Sean Tilley

Sean Tilley at

Ship of Theseus

Fun idea for a #Hubzilla webpage: tell a story and modify it with javascript. The effects of the javascript fire off as the user scrolls through the story.

I've been wanting to create a story that changes and rewrites itself. Perhaps you've scrolled down to the end of a paragraph, and when you scroll back up, you notice that the last thing you read is already different. Maybe parts of the story have transformed in a way that


The structure of a sentence can be maintained through leverage of a language template. For example, the structure between the two sentences below are nominally the same.

Version A
The weight of his arm hung heavy as he grabbed his gun.

Version B

The ballast of her shoulder shifted slightly as she gripped her sword.

To some extent, entire sentences and paragraphs of this nature could be crafted, then stored in a bank of text snippets. If the snippets are composed in a coherent fashion, they can be interspersed through a template that assembles the story.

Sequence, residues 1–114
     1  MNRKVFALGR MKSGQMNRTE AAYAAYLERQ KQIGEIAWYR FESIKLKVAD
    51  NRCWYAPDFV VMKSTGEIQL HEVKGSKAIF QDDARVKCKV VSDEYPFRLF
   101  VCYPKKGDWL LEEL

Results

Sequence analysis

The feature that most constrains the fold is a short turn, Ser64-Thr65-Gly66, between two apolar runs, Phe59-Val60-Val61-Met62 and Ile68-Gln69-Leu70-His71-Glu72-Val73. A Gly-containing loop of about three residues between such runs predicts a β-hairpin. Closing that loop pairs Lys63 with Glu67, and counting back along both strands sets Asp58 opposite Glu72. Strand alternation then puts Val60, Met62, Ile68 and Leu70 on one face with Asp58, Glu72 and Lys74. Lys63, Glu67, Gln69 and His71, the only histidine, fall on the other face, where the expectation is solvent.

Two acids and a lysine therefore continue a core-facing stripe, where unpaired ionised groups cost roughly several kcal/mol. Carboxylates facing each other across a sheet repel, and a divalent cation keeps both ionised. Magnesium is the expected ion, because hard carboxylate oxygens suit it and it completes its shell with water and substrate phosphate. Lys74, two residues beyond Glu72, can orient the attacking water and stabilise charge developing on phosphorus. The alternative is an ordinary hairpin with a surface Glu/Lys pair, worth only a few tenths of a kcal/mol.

In a sense, this is Mad Libs with sentences.

From there, divs are referenced through something like Twitter's scrollspy library, which can then tell a script what part of the page the user is focused on. We can guess which paragraphs are out of view, and change what they say by loading another sentence bank within a defined set of regions.

From here, two parallel halves of a story can be woven together to forge a larger narrative.


Multiple points of reality overlap one another to tell a multifaceted story. Something has broken, either in an individual person's point of view, or in the way things actually work. Different shreds of reality get the point across, while referencing a macguffin device that causes the whole story to be the way that it is.

Maybe someone has the macguffin and it can directly affect the people living in the other stories somehow. Positively or negatively.